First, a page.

💬 👋 We’re always here. Join our Discord to connect with other students 24/7, any time, night or day.Join Here!

Like

Numerade Educator

Like

Report

Solve Inequalities Using Multiplication and Division - Overview

In mathematics, an inequality is a conditional statement that is either true or false, depending on the value of the variable.

Topics

No Related Subtopics

Discussion

You must be signed in to discuss.
Top Educators
Anna Marie V.

Campbell University

Heather Z.

Oregon State University

Kristen K.

University of Michigan - Ann Arbor

Recommended Videos

Recommended Quiz

Algebra

Create your own quiz or take a quiz that has been automatically generated based on what you have been learning. Expose yourself to new questions and test your abilities with different levels of difficulty.

Recommended Books

Video Transcript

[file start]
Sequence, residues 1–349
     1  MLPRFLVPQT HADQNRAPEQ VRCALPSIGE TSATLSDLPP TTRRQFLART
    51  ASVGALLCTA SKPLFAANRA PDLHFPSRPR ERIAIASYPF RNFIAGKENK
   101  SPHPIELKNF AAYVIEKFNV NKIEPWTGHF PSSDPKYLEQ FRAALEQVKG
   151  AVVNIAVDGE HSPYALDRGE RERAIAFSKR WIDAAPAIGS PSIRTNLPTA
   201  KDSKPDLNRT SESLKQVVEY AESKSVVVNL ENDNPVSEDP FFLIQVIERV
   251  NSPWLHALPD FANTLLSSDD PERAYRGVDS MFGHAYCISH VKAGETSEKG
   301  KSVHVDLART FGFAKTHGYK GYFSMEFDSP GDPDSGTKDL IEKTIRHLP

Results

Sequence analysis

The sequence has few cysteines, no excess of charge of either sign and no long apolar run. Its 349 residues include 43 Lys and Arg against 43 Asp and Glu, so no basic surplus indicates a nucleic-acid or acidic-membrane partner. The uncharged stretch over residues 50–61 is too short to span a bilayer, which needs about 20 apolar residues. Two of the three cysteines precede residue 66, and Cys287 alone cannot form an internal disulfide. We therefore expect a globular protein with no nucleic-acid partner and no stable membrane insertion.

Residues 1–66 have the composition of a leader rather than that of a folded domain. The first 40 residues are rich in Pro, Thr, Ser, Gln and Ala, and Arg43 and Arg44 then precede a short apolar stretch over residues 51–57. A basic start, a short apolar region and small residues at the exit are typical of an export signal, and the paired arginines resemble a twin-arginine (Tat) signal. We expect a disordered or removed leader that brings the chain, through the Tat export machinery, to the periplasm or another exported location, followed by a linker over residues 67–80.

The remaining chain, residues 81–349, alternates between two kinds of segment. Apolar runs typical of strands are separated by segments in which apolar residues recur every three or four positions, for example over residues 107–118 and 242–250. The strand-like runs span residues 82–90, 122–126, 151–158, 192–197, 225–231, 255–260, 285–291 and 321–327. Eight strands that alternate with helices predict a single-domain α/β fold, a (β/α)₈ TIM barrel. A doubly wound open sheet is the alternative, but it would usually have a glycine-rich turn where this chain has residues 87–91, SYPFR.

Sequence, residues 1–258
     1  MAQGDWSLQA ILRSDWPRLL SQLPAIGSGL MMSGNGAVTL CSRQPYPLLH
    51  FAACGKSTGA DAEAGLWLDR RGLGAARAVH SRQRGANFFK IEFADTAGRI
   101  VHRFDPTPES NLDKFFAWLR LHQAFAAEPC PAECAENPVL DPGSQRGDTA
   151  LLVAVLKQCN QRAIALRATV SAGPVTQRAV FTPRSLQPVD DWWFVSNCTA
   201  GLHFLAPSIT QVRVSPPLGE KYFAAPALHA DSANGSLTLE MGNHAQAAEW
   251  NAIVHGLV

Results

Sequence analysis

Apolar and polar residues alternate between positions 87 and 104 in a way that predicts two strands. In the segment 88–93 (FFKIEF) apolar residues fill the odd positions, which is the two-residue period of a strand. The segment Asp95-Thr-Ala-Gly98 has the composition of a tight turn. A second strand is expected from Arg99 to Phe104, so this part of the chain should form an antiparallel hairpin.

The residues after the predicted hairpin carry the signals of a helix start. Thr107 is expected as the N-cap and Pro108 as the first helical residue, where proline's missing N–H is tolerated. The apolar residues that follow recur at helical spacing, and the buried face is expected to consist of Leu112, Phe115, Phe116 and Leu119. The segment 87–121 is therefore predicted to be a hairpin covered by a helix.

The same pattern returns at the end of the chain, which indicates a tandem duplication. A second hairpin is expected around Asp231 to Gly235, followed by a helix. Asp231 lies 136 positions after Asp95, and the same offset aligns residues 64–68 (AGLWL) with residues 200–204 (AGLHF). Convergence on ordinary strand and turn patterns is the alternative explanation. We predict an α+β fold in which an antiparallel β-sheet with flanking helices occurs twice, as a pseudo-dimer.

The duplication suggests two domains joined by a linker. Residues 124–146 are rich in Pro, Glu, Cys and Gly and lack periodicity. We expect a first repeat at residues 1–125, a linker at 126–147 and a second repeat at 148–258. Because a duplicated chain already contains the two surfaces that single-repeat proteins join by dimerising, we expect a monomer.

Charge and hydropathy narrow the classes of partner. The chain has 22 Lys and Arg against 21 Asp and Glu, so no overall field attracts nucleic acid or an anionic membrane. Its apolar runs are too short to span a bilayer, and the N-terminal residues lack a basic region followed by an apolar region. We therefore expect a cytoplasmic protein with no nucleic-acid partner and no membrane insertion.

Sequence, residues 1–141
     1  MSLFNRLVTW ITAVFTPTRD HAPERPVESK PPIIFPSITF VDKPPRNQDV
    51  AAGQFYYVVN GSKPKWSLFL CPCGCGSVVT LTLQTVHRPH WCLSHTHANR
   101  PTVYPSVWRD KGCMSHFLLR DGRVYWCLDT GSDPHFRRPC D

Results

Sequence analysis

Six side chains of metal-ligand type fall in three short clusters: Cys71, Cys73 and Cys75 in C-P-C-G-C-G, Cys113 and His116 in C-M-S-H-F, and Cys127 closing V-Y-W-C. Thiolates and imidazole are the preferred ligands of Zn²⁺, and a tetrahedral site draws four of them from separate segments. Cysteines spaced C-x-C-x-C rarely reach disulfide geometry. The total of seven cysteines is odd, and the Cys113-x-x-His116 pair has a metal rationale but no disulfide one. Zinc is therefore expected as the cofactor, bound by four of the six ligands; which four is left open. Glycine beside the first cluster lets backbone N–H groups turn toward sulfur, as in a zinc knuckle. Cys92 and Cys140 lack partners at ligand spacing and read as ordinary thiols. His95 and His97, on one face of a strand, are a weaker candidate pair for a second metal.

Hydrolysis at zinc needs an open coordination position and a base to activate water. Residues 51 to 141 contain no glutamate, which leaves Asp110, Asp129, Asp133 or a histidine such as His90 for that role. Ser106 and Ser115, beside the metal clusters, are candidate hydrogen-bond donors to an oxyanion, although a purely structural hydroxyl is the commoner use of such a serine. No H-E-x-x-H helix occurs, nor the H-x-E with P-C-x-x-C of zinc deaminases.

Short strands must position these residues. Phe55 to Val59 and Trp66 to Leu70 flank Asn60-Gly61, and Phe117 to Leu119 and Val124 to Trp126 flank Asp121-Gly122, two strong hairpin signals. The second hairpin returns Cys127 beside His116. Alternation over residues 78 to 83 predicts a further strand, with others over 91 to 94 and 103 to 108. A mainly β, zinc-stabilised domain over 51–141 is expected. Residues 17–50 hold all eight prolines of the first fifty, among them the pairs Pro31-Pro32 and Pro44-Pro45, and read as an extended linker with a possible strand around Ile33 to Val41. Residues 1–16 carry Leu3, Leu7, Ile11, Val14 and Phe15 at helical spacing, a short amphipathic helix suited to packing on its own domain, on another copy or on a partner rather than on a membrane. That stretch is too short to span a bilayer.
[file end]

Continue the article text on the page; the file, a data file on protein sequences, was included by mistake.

So in this section we're gonna be talking about how to solve inequalities using multiplication and division. So after the last section, you're probably thinking, Oh, this is just like we did before. Just do the same method because that's exactly how we solve them before. So let's see if that works here. So our first inequality says four X is greater than 20. So you probably you're thinking, Oh, we're just going to divide both sides by four because the force will cancel out. So we're left with X is greater than while 20 divided by four is five. Well, let's check to see if this works. That means any value that's larger than five. When I substituted for X in, my inequality should make a true statement. So let's try six. Well, that would mean we have four times six is greater than 20. Well, four times six is 24 24 is greater than 20. So this is true. This works so X is greater than five is, in fact, a solution. Okay, let's try the 2nd 14 x is greater than negative. 20. So you're probably thinking okay, so again, we're just going to divide both sides by four fourth cancel. So we're left with X is greater than, well, negative. 20. Divided by four is negative. Five. So again, let's go ahead and check. So that means any value that's greater than negative five should work when he substituted them. So let's try one. So we have four times. One is greater than negative. 20. Well, four times one is four and four is greater than negative 20. So this also works. Okay, so you might be thinking there's a catch because why would I put out all these examples? Well, so far, it looks like we saw just the normal way. Let's try. Number three says negative four X is greater than 20. So again, you're probably thinking Okay, we're just gonna divide both sides this time by negative four. So you have X is greater than and 20 divided by negative. Four is negative. Five. So again, this should mean we substitute than any value that's greater than negative. Five. It should make that inequality true. So let's try one again. Well, we would have negative four times. One is greater than 20. Well, negative. Four times one is negative four and negative four is not greater than 20. So this is false. That wouldn't work. So something must happen here. Well, before we figure that out, why don't we go to the last example we have Negative for X is greater than negative 20. So you're probably thinking we divide both sides by negative four because the negative force will cancel so we'll have X is greater than, well, negative. 20. Divided by negative four is positive. Five again. That means, in theory, any value greater than five should make our inequality true. So let's try six. What we would have negative four times six is greater than negative. 20. Well, negative. Four times six is negative. 24. However negative 24 is not greater than negative 20. So this doesn't actually hold true. So let's take a look. These the first two examples worked perfectly fine, and they are true. So notice when you divided both sides of your inequality by a positive value, you got the correct solution. It's when we divided both sides by a negative value that we got the incorrect solution. So let me scroll down here and let's talk about this a little further. So let me kind of put a little separator here. So remember, our first problem was negative for X is greater than 20. Now, if we were thinking about an equation, X would be equal to negative five. So here's what we have to do here. What we're going to dio is I'm going to move the negative forex term to the right hand side of our equation. So what I'm gonna dio is ad for X and you'll find after this a couple of this overview that you won't actually do this typically. Well, again, The reason why I can do this is negative for X plus four x zero. These terms would cancel. So we have Zero is greater than, well, 20 and four X or not like terms, so we would keep these separate. Now, I know we haven't talked about multi step inequalities, but you do in fact, solemn just like equations. So I would then subtract 20 from both sides of our equation. So zero minus 20 is negative. 20. So we have negative 20 is greater than four X and then to get X by itself. Sorry. Carson got away from me we would divide both sides of our equation by four. So now remember, we're divided by a positive value, which means we should get the correct result. So again, negative 20 divided by four is negative. Five we'll bring down are greater than sign, and then we'll bring down our X. Now remember, we don't usually like having the acts on the right hand side of our inequality, especially if we have to go ahead and grafted on the number line. So if we were to flip it around, we would then have X is less than negative. Five. Well, let's see if this would actually work. So that means if we pick a value for X, that's less than negative five and substituted into our inequality. It should be true. Well, a value that's less than negative. Five is negative. Six. Well, negative. Four times negative. Six. We want to know if that's greater than 20. Well, negative. Four times negative. Six is 24 and 24 isn't back greater than 20. So notice are correct. Solution should be that X is less than negative. Five. Remember before we just solved it, we had it that it was greater than so. If I scroll back, we had already solved the same exact inequality. This was number three here, so we got the same critical number. The difference is our sign flip. So that's going to be the key. When you divide both sides of an inequality by a negative, you're gonna have to flip the sign. So let's try number four again down below and see if we would get the correct solution. If we then flip the inequality side. So if we go back down here so our fourth inequality was negative for X is greater than negative 20. So we're going to divide both sides by negative four. And because we're dividing both sides by a negative, that's going to foot part inequality side. So the greater than sign will become a lesson side. Well, negative 20 divided by negative. Four is five. So let's see if five is the correct solution. So that means if we substitute any value, sorry my curse keeps running away on me. If we substitute any value, that's less than five. We'll see if this makes our inequality true. Well, let's try three. So we have negative four times three and we want to know if that's greater than negative. 20. Well, negative. Four times three is negative. 12 and negative. 12 isn't back rather than negative 20. So X is less than five is the solution. So what we figured out is when we divide both sides of our inequality by a negative, we have to flip the inequality sign. Now, notice if I scroll back up here to the top, it doesn't matter about the number on the right hand side of the equation. Kind of like a number two. The value on the right was negative, but when we divided by a positive, we still got the same answer. So the key is like examples number three and the number four. When we're dividing both sides of our inequality by a negative value, we're gonna have to flip our inequality sign. And one thing you'll find is true is this is also true for multiplication. If you multiply both sides of your inequality by a negative value, you also have to flip your inequality sign. So let's kind of make a general note here. Down at the bottom, let's scroll down one more. So General ruled that we need to make sure that we're following is if we multiply or divide both sides of our inequality by a negative value. We have to flip the inequality side. So when multiply or dividing both sides off and inequality by a negative number, you need to flip the inequality signed. So that's the key here. So again, it's in any time you multiply or divide both sides of your inequality by a negative, you need to flip the sign in order for it to be correct. Um, so in the next couple of videos, you'll see some examples, um, and see when you need to flip it when you don't need to flip it. And as you continue through the inequality unit, you'll also see this as well. But that's the key difference. So, really, when it comes to solving inequalities, your steps are the exact same as when you solve an equation where this being our only difference and the reason why it doesn't affect us when it comes to an equation is think about it. If you flipped around unequal sign, it would still be unequal sign, as opposed to when your foot in inequality sign it changes the meaning of it. So just keep this in mind